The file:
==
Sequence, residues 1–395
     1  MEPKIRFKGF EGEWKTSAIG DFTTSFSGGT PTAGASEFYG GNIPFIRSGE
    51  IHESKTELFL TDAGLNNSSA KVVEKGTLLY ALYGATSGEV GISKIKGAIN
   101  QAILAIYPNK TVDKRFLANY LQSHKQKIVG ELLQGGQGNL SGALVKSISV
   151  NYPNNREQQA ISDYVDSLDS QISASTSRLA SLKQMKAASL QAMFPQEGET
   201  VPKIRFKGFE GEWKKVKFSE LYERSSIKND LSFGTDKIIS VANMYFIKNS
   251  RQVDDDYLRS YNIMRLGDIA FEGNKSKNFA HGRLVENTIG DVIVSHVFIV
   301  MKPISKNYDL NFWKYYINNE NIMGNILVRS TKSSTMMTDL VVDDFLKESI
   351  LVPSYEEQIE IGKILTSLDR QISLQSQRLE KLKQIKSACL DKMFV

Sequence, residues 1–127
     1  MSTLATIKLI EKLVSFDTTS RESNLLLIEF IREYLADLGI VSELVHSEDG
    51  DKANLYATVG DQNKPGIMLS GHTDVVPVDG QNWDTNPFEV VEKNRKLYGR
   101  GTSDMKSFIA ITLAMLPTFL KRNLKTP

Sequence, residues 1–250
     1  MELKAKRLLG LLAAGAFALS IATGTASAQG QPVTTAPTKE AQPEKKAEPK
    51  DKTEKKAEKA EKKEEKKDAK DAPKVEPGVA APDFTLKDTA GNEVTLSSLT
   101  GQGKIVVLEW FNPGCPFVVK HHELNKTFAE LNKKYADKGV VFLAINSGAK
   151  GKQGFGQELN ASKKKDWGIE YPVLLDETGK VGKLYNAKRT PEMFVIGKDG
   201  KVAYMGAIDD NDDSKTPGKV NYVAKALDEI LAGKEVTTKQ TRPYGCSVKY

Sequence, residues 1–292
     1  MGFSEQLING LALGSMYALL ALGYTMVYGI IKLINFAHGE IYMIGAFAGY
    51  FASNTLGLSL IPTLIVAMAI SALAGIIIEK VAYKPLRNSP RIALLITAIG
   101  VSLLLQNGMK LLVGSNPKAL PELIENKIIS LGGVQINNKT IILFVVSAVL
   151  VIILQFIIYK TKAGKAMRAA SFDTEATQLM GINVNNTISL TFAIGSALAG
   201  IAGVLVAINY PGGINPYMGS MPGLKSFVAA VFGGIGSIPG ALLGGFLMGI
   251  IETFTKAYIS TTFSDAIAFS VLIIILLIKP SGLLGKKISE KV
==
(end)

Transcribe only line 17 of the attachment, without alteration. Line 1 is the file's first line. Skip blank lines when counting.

   101  GQGKIVVLEW FNPGCPFVVK HHELNKTFAE LNKKYADKGV VFLAINSGAK